The Long Beach City Council adopted a stop-gap ban on flavored tobacco products Tuesday night as California voters await a referendum on the sales of flavored tobacco products statewide.
A unanimous vote by the council will ban sales of flavored tobacco products like those used in electronic cigarettes. Menthol and fruit flavored products would be barred as well under the amended ordinance.
The ban is aimed at stopping youth from becoming addicted to tobacco products by prohibiting the sales of flavors targeting younger consumers.
Retailers that acquired more inventory since the city’s previous ban expired in January will have three months to sell off their products before being subject to enforcement by the city.
Mirroring Senate Bill 793, the state law that is the subject of a November 2022 referendum, the city ordinance will also carve out exemptions for hookah products and lounges, expensive cigars and pipe tobacco. Long Beach will join dozens of other jurisdictions across the state that have adopted bans ahead of the vote.
A challenge to the bill brought by the tobacco industry qualified for the 2022 ballot after gathering the required signatures, and also was granted an injunction against the law going into effect prior to a vote by the people. That sentiment was expressed by several store owners and industry representatives on Tuesday who argued that the middle of a pandemic was not the time to be limiting sales for small businesses.
They asked for the council to wait for the issue to be decided by California voters.
“It’s a shame that we’re in the middle of pandemic and the Long Beach health department is focused on this issue rather than opening up businesses, vaccinations, distribution and it’s a wonder why things are in such disarray for public health in general,” said Jaime Rojas, a representative from the National Association of Tobacco Outlets.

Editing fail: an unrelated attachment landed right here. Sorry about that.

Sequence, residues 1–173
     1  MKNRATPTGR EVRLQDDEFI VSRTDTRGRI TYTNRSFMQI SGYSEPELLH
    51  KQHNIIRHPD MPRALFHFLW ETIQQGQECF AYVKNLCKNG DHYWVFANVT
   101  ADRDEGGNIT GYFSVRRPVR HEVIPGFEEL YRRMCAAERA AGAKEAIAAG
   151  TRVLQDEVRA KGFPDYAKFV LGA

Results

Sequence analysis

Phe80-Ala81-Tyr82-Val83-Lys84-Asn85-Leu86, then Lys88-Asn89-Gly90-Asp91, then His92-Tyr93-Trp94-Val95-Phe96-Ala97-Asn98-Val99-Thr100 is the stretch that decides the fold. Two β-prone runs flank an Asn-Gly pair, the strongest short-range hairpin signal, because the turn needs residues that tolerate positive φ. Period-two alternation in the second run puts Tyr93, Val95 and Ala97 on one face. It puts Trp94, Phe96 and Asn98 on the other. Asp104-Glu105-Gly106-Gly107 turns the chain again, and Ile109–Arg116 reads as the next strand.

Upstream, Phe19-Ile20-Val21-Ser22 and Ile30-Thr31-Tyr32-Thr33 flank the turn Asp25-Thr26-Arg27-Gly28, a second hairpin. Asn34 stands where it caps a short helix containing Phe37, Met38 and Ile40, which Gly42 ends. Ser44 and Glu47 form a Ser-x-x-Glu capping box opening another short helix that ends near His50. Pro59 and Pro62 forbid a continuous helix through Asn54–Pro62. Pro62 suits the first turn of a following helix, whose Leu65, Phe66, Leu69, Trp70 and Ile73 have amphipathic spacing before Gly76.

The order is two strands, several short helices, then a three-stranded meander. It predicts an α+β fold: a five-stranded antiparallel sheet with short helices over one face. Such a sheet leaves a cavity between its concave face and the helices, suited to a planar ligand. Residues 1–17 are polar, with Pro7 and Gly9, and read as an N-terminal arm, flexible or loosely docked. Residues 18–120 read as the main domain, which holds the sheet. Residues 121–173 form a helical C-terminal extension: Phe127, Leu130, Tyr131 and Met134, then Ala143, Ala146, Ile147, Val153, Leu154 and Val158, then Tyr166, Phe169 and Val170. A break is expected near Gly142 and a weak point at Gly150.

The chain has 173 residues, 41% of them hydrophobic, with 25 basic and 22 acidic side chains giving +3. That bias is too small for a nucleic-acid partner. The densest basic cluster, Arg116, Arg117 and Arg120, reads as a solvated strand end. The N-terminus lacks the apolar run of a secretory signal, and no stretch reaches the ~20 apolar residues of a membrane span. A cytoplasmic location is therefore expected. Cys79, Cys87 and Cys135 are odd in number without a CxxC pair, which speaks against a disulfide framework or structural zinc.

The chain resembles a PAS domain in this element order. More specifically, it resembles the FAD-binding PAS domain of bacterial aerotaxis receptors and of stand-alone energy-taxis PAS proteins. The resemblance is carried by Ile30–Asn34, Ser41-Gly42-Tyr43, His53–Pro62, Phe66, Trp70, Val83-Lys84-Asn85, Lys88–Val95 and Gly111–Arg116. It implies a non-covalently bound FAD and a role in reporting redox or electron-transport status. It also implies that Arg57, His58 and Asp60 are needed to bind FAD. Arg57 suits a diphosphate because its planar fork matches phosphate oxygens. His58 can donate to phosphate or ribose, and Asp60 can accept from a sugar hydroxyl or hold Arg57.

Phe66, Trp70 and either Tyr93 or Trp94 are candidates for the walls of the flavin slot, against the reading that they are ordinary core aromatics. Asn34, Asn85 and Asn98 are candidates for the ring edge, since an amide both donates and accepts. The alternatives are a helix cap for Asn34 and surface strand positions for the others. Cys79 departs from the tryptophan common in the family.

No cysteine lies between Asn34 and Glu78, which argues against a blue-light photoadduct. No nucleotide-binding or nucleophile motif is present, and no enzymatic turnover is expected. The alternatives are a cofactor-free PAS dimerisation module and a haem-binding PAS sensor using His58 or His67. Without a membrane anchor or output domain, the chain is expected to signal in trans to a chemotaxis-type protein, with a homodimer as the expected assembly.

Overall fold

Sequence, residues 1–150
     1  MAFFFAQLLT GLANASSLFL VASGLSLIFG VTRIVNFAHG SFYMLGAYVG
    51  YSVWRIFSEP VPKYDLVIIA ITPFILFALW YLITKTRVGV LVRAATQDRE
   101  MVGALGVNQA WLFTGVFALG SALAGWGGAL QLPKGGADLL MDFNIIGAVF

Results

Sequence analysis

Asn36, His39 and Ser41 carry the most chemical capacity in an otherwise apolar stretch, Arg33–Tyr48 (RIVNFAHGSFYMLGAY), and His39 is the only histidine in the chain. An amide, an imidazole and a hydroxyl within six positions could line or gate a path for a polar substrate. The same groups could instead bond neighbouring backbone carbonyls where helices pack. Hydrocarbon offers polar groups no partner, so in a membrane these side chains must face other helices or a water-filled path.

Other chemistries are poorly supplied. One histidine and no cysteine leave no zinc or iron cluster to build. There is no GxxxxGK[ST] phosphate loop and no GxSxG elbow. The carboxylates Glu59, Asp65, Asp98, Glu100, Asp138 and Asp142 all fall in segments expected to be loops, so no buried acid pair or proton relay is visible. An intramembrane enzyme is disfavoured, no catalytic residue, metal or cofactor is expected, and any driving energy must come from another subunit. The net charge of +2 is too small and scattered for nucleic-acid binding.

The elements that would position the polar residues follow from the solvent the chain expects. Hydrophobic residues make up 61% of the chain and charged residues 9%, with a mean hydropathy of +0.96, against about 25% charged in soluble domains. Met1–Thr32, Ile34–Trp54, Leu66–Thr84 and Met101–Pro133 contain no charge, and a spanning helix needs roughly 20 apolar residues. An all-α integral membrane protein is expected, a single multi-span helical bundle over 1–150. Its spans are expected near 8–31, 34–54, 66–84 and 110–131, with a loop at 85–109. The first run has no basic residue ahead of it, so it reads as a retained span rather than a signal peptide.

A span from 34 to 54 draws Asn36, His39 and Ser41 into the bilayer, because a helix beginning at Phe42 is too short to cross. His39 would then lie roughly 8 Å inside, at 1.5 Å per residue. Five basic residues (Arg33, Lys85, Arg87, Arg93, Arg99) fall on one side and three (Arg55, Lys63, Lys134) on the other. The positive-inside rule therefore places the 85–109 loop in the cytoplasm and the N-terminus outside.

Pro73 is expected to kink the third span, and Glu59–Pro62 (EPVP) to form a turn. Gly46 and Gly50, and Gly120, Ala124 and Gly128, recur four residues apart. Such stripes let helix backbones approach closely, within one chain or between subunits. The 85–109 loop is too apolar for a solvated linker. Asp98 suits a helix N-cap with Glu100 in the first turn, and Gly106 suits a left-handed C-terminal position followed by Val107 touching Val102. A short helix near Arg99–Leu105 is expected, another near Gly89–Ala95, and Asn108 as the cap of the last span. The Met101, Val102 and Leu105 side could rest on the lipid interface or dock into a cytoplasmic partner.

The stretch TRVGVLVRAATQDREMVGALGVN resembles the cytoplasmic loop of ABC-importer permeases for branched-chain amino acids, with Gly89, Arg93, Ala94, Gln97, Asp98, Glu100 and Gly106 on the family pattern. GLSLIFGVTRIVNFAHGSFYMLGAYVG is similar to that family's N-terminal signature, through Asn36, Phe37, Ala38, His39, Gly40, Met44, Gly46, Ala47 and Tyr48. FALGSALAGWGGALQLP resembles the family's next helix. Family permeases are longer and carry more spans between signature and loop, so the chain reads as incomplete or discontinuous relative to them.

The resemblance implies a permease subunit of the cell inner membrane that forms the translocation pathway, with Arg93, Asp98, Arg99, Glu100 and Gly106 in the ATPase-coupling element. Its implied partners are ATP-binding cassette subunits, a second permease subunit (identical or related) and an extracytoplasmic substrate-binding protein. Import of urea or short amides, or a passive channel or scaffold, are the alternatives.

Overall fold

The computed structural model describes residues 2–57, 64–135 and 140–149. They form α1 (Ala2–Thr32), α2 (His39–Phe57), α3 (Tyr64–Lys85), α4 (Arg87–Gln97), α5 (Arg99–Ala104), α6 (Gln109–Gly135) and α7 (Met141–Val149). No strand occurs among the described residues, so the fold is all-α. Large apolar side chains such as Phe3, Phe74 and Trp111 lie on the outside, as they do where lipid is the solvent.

“We completely oppose this and hope City Council realizes that all they’re doing is closing more businesses.”
City staff outlined the impacts youth smoking can have on individuals, like negatively impacting the development of youth brain cells and how flavoring added to tobacco products have been linked to lung damage.
Kelly Colopy, the city’s director of health and human services, even pointed to research that has suggested both increased rates of infection of COVID-19 and worse outcomes for smokers who contract the virus.
“It’s essential to take immediate action for the safety of our youth,” Colopy said.
While the vote to extend the ban was unanimous, Councilwoman Stacy Mungo did ask if the city could focus more on enforcement than banning products. Mungo said that a smoke shop in her district has closed since the passage of the council’s original ordinance in November 2019 and he was never known to have minors in his shop.
“When you have a bad actor who does something wrong they should lose their ability to participate in the game,” Mungo said.
If state voters uphold the state legislature’s attempt to ban sales statewide, then the Long Beach ordinance would sunset. If the bill is defeated, the ordinance approved Tuesday would require another vote by the council to repeal it.
“It was the right decision; it was the moral decision,” said Councilman Al Austin, reaffirming his support for the old ban while speaking in support of Tuesday’s vote. “We know the outcomes and youth are impacted negatively if they pick up addicting habits, particularly smoking.”
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